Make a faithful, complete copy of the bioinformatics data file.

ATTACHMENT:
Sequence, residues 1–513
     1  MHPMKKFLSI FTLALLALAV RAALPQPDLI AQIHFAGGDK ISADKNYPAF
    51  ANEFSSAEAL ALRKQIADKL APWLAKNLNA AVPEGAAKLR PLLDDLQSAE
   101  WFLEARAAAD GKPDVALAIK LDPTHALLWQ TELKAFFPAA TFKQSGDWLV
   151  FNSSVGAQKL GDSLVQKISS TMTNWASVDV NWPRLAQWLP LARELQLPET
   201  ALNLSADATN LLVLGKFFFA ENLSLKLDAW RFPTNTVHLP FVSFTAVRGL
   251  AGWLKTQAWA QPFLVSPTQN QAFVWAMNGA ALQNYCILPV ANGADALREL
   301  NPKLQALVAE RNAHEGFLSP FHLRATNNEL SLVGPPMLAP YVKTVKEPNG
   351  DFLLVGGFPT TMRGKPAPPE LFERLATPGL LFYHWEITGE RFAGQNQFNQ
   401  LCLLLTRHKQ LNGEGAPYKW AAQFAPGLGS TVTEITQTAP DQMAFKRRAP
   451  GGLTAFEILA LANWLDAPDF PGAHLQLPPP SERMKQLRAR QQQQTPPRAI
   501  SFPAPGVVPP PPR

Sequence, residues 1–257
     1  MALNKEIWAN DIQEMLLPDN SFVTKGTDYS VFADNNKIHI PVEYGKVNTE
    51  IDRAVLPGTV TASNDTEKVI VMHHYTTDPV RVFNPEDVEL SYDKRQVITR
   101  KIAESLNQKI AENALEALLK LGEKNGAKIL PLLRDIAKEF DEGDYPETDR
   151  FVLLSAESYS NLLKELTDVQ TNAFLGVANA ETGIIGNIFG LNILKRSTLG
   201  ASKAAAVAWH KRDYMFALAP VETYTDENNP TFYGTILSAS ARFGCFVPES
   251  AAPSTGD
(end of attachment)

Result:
Sequence, residues 1–513
     1  MHPMKKFLSI FTLALLALAV RAALPQPDLI AQIHFAGGDK ISADKNYPAF
    51  ANEFSSAEAL ALRKQIADKL APWLAKNLNA AVPEGAAKLR PLLDDLQSAE
   101  WFLEARAAAD GKPDVALAIK LDPTHALLWQ TELKAFFPAA TFKQSGDWLV
   151  FNSSVGAQKL GDSLVQKISS TMTNWASVDV NWPRLAQWLP LARELQLPET
   201  ALNLSADATN LLVLGKFFFA ENLSLKLDAW RFPTNTVHLP FVSFTAVRGL
   251  AGWLKTQAWA QPFLVSPTQN QAFVWAMNGA ALQNYCILPV ANGADALREL
   301  NPKLQALVAE RNAHEGFLSP FHLRATNNEL SLVGPPMLAP YVKTVKEPNG
   351  DFLLVGGFPT TMRGKPAPPE LFERLATPGL LFYHWEITGE RFAGQNQFNQ
   401  LCLLLTRHKQ LNGEGAPYKW AAQFAPGLGS TVTEITQTAP DQMAFKRRAP
   451  GGLTAFEILA LANWLDAPDF PGAHLQLPPP SERMKQLRAR QQQQTPPRAI
   501  SFPAPGVVPP PPR

Sequence, residues 1–257
     1  MALNKEIWAN DIQEMLLPDN SFVTKGTDYS VFADNNKIHI PVEYGKVNTE
    51  IDRAVLPGTV TASNDTEKVI VMHHYTTDPV RVFNPEDVEL SYDKRQVITR
   101  KIAESLNQKI AENALEALLK LGEKNGAKIL PLLRDIAKEF DEGDYPETDR
   151  FVLLSAESYS NLLKELTDVQ TNAFLGVANA ETGIIGNIFG LNILKRSTLG
   201  ASKAAAVAWH KRDYMFALAP VETYTDENNP TFYGTILSAS ARFGCFVPES
   251  AAPSTGD